Energy drink companies are known to market their products using flashy labels, trendy names, and imagery, ultimately appealing to a younger crowd. Adolescents may not be fully aware of the health risks associated with the overconsumption of energy drinks, making the marketing scheme by energy drink companies a dangerous deception. Now, the deaths of at least two adolescents are being linked to energy drinks, and the potential risks of energy drinks to consumer health, especially for younger people, are coming to light. Medical professionals are calling for the regulation of energy drinks, which are currently not regulated by the Food and Drug Administration (FDA).

Nineteen-year-old Alex Morris died suddenly from cardiac arrest in July 2012, and his mother has since filed a lawsuit on his behalf against Monster Beverage Corp., the manufacturers of Monster energy drinks. Morris had consumed two Monster energy drinks a day for two years, and the lawsuit cites that Alex had drank a Monster energy drink before his unexpected death.

An additional lawsuit was filed against the company on behalf of 14-year-old Anais Fournier, who died in 2011 from allegedly drinking a Monster energy drink. The autopsy report on Fournier concluded that she had in fact died from “caffeine toxicity.” According to the New York Times, the Monster brand energy drink that Fournier consumed before her death reportedly contained 240 milligrams of caffeine.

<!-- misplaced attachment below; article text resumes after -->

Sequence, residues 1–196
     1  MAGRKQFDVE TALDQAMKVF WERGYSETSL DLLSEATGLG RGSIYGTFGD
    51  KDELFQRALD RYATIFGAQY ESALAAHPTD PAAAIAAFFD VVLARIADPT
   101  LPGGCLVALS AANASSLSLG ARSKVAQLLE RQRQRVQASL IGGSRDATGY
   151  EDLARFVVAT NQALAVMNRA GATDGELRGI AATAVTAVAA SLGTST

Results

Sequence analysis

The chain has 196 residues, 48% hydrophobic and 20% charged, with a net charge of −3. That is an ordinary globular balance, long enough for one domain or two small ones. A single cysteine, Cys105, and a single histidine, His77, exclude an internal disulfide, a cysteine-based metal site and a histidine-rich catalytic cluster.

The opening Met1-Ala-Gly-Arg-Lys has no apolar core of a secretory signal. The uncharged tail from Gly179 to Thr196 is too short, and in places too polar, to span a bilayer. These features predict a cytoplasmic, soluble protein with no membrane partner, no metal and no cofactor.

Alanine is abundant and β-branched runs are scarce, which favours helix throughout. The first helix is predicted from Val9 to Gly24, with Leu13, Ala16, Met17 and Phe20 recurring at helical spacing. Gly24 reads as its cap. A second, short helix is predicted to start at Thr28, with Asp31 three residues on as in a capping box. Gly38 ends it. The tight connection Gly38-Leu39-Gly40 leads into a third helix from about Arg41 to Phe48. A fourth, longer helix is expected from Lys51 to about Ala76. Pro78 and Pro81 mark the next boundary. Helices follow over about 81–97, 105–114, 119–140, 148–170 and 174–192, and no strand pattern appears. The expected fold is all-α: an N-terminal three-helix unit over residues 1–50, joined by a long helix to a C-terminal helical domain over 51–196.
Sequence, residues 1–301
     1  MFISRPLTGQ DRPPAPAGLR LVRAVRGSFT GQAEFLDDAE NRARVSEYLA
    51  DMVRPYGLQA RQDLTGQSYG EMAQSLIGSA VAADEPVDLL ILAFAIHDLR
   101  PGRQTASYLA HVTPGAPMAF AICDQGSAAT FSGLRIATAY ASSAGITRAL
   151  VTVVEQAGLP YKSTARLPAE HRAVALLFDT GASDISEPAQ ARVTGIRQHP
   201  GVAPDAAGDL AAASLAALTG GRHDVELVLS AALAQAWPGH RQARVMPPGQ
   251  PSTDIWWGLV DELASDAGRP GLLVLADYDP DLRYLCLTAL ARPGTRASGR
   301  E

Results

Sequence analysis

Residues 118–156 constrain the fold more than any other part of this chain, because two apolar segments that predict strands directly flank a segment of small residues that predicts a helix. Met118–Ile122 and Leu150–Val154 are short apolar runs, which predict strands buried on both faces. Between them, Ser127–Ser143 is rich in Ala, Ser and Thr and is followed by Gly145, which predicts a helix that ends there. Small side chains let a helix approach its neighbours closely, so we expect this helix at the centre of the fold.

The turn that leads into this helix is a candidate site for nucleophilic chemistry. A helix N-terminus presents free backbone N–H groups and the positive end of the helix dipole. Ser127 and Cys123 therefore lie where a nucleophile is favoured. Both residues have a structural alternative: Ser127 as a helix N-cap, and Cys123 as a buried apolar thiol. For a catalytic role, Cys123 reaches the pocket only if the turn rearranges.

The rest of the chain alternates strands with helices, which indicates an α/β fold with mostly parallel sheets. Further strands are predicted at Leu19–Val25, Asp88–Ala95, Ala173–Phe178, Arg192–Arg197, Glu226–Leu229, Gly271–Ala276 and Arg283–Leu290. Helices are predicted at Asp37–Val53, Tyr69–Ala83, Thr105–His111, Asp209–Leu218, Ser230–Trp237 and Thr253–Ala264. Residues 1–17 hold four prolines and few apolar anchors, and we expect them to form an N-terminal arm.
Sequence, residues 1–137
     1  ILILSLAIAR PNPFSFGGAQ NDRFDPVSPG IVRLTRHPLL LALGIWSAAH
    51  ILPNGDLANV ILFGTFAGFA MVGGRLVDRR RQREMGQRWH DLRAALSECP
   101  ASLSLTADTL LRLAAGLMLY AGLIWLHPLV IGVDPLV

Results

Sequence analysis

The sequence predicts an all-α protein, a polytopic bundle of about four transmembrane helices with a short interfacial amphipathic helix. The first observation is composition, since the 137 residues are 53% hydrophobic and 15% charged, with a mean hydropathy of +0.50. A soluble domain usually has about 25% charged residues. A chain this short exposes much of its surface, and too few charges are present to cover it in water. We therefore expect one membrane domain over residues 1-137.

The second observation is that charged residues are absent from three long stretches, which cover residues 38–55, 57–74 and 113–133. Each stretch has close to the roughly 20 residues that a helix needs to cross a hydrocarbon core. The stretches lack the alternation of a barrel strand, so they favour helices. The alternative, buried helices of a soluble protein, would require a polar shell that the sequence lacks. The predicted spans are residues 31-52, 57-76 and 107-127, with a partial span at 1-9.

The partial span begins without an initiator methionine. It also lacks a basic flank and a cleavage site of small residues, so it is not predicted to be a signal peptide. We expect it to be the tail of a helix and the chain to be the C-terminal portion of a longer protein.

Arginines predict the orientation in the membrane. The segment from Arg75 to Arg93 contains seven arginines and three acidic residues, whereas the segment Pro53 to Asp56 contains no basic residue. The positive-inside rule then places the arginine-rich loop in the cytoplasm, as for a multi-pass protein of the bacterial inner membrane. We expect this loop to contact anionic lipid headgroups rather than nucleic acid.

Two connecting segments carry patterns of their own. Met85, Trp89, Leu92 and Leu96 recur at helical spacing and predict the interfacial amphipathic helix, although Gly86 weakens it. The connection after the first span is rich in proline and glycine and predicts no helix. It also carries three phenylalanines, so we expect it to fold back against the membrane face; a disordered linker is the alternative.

“The caffeine contents found in energy drinks is astounding, and most consumers are not aware that overconsumption of these drinks can lead to serious health risks,” said Virginia Buchanan, an attorney with the firm of Levin, Papantonio, Thomas, Mitchell, Rafferty & Proctor, P.A.

Monster Beverage Corp. did not conduct studies on its product in response to the lawsuits, instead it rebranded its Monster energy drink, changing Monster’s label from “dietary supplement” to “beverage.” The rebranding was a devious move by the company, and a clear signal that the company is risking safety over profit, as products labeled as “beverages” are only required to list the caffeine content of a product on its label and are not responsible for reporting associated deaths.

Still, evidence is mounting against Monster Beverage Corp. and its energy drink competitors. The FDA has linked at least 5 deaths between 2009 and 2012 to the consumption of Monster energy drinks. Also, thirteen deaths have been linked to the popular energy drink, 5-Hour Energy, and Four Loko dropped caffeine from its alcoholic malt beverage in 2010 when the FDA intervened after numerous adolescents ended up in the hospital after consuming the drink.
The FDA launched an official investigation probing food and beverage products containing caffeine, and an adverse report was published in October 2012 exposing the dangers associated with energy drinks. People have been consuming energy drinks for years, and the risks associated with the beverages have always been disputed. However, with the recent cases of death occurring and being linked to energy drinks, it is becoming clear that just because a product has been on the market for years doesn’t mean it is safe. Tylenol, for instance, has been on the market for years, yet recent deaths and injuries strengthened the link between the over-the-counter drug to acute liver failure.

Unless energy drinks are regulated to be made safer and companies are held accountable, death and injury will only continue to occur from the dangerous overconsumption of energy drinks by consumers.


Krysta is a writer and researcher with Ring of Fire.

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